11. Simple Tab Groups is a Firefox extension for organizing your tabs Simple Tab Groups is a Firefox extension that can help you organize your tabs. The extension was inspired by one with a similar name, Tab Groups. The extension includes five plugins (add-ons from the same developer) merged into one for a functioning Tab Group manager extension. After you install Simple Tab Groups, it opens a local web page with a screenshot to guide users how to "Enable the restore previous session" option in Firefox. That's because when you restart the browser, the add-on will load the last accessed tab group. You will see that the extension added a button to the toolbar. Click on it to see three options. Create New Group This is the option you will be using the most. Selecting it will prompt you to assign a name, and this creates an empty Tab Group. To add tabs to the group, mouse over to the tab bar and right-click on a tab. Select "Move Tab To Group". This adds the tab to the created group and hides it from view. If you have multiple groups, you'll have the option to select which group you want to move the tabs to. You may also create new groups from the menu. Once saved, a group can be opened anytime. This works in new windows too. Managing Group Settings Let's get back to the Tab Groups' toolbar menu. Now that we have some groups, we can manage them. Right-click on a group's name to view its context-menu. This allows you to open all tabs in a group in a new window, sort the groups alphabetically, export the selected group to bookmarks, and to reload all tabs in the group. You can discard the selected group or all other groups, or delete the group completely. Select the Group Settings. Here you can rename a group, select its icon style. The tab's icon (the website's favicon), can be set as the Group's icon, do this from the tab bar. The Group Settings panel also has options to mute tabs when a group is closed/restored, make a sticky group (tabs are never moved from the group), show/discard tabs after moving. Simple Tab Groups works with Firefox Containers, and can be configured to automatically move specific containers to a particular group. For e.g. If you have a container for shopping websites, and you have created a Tab Group called shopping, it may be a good idea to move the tabs in the Shopping container to the group. The extension also supports RegEx for capturing tabs from the same domain. Add-on Settings The main menu of the add-on has a caret icon, click on it to view other tabs (not part of the group). There are 3 options here all of which perform a single-click action to: close all these tabs, move these tabs to the current group, or create a new group with these tabs. The gear icon in the menu can be used to access the add-on's options. You can customize the open, close, discard behavior of tabs, optionally discard a tab after hiding it or enable a dark theme and more from this screen. The Manage Groups option opens a new tab with a speed-dial like representation of each tab groups, you can right click on a group to manage it. The extension is an open source project. The add-on is compatible with Gesturefy, though it needs a little tinkering to get it working. Note: Simple Tab Groups is NOT a session manager. If you have many tabs in a group and close it before exiting other windows, you will lose the tabs. To prevent this, you should close all the other windows first. I recommend using the Bookmarks option. You can also use OneTab, which does save a history of the tabs and has a restore option. Simple Tab Groups provides an easy way to de-clutter your browser and organize your tabs. It does not interfere with the new tab page, so add-ons like Group Speed Dial work alongside perfectly. Landing Page: https://addons.mozilla.org/en-US/firefox/addon/simple-tab-groups/ Source: Simple Tab Groups is a Firefox extension for organizing your tabs (gHacks)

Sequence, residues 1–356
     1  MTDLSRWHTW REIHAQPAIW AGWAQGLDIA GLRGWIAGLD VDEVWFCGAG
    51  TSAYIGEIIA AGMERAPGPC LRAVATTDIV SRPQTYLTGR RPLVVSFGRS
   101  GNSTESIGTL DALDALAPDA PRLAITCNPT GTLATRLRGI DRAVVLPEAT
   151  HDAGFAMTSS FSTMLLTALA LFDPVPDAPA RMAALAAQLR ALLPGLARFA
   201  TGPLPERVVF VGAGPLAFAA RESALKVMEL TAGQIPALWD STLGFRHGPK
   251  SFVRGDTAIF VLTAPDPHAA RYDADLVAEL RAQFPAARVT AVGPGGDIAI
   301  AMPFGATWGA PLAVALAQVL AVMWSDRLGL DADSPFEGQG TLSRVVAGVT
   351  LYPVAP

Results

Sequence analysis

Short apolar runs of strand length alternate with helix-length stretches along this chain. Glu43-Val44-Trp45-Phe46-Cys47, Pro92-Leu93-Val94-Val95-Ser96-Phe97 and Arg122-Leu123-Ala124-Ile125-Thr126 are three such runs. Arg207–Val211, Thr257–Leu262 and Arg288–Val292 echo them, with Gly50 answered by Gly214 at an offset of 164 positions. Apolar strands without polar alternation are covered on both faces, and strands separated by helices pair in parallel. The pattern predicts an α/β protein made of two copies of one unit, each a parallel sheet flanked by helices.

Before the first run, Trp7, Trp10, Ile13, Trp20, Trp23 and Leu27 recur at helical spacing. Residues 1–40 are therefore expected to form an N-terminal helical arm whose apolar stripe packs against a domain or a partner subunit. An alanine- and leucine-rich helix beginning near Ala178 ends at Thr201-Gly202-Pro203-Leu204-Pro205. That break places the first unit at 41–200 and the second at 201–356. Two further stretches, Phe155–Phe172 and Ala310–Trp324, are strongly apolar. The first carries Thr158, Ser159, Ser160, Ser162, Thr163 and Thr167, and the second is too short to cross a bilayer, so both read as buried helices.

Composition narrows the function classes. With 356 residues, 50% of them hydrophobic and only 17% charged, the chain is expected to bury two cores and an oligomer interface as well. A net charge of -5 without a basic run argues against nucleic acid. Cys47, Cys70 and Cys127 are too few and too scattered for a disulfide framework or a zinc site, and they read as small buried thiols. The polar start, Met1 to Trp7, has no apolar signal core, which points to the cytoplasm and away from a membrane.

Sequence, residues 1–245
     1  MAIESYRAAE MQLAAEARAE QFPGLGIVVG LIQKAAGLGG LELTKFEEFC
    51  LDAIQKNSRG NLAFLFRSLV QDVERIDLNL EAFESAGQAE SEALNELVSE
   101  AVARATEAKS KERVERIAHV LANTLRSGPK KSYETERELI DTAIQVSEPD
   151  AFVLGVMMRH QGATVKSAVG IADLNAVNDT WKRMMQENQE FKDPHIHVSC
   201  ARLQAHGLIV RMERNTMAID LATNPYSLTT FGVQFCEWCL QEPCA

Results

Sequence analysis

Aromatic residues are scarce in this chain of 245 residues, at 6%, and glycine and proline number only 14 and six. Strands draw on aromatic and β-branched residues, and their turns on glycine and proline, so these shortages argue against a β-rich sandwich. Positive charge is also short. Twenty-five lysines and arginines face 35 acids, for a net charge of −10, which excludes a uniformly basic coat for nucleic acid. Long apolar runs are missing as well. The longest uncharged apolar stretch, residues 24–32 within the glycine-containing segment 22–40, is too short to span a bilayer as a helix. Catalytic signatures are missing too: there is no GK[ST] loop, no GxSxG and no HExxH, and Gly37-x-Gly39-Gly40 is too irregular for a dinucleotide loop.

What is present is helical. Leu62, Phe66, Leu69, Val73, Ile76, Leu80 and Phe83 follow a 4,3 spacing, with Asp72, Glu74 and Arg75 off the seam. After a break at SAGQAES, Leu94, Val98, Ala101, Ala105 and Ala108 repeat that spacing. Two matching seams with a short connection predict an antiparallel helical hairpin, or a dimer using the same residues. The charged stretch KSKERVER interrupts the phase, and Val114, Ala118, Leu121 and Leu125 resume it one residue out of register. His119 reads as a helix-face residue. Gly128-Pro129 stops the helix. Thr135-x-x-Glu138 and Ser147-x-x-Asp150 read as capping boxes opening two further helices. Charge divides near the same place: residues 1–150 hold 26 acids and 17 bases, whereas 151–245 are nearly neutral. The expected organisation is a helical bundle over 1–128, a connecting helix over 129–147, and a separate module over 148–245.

12. Get RSS feed URLs from any page and preview them using the Want My RSS extension for Firefox When you are on a website, and want to see if it offers an RSS feed that you may want to subscribe to, what do you do? Usually the best way is to look for the RSS icon on the page. IF there is none, you could check the source or try common feed URLs direclty, e.g. by appending /feed/ to to the domain. https://www.ghacks.net/wp-content/uploads/2020/05/Want-My-RSS-icon.jpg Want my RSS is a Firefox extension that aims to simplify this task. Install the add-on and visit any web page. You'll notice an RSS icon (next to the bookmark icon) in the address bar. Click on the icon and a small pop-up appears, that lists the available RSS feeds. Mouse over the RSS feed that you want to access. Left-click on it and Want My RSS will open load the page in its feed previewer. Another way to do this is to click the RSS Feed URL on the website, or simply open the feed's link, it will be loaded in the extension's previewer. Use it to read the latest articles on the website. This includes the images that were included in the posts, but videos aren't displayed in the previewer. Click on an article's title/URL to load it normally. By default, the add-on uses "Relative time" (like an hour ago) to indicate when an article was published in the feed that you're viewing. Uncheck the box next to "Relative time" to view the exact time stamp when the post was published to the feed. Use the sort box near the top corner in the feed previewer to sort the articles by Newest or Oldest. See that icon to the right of the articles? Click on it to switch to the day or night theme, which changes the background color of the Want My RSS previewer page. Do note that this isn't a full-fledged RSS reader extension by any means (for starters it lacks notifications). You may want to try something like Smart RSS or Feedbro for a proper feed reader. Or, click on the icon next to the Subscribe button to choose from a list of feed readers: Feedly, The Old Reader, InoReader, News Blur, Netvibes, BazQux, Feedbin, G2Reader, CommaFeed, Nooshub. If you don't use any of those, scroll to the top of the preview page. The add-on displays the name and the link of the RSS feed in the top left corner. Mouse over near the URL to view the URL and copy it. Now, you can use it to subscribe to the feed in any feed reader of your choice. The add-on doesn't work perfectly with all sites. E.g. For some reason, it doesn't pick up gHacks' feed, i.e. the Want My RSS button doesn't appear in the address bar. Another thing that I observed was the "Subscribe to page" option that appears when clicking on the three-dot icon in the address-bar. The option was grayed out. However, clicking on the blog's feed button loaded it in the previewer. I also noticed an issue with some websites where the extension would not load the preview (for e.g. the European PlayStation blog). Other options Open the add-on's page to define the rules for custom feeds. If you don't want the extension to load the preview of feeds, disable the "Intercept requests" option. Toggle the "open popup feeds in a new tab" option to force Want My RSS to load a feed in a new tab. It's useful when you don't want to navigate away from the source website. Want My RSS is an open source extension. Landing Page: https://addons.mozilla.org/en-US/firefox/addon/want-my-rss/ Source: Get RSS feed URLs from any page and preview them using the Want My RSS extension for Firefox (gHacks - Ashwin)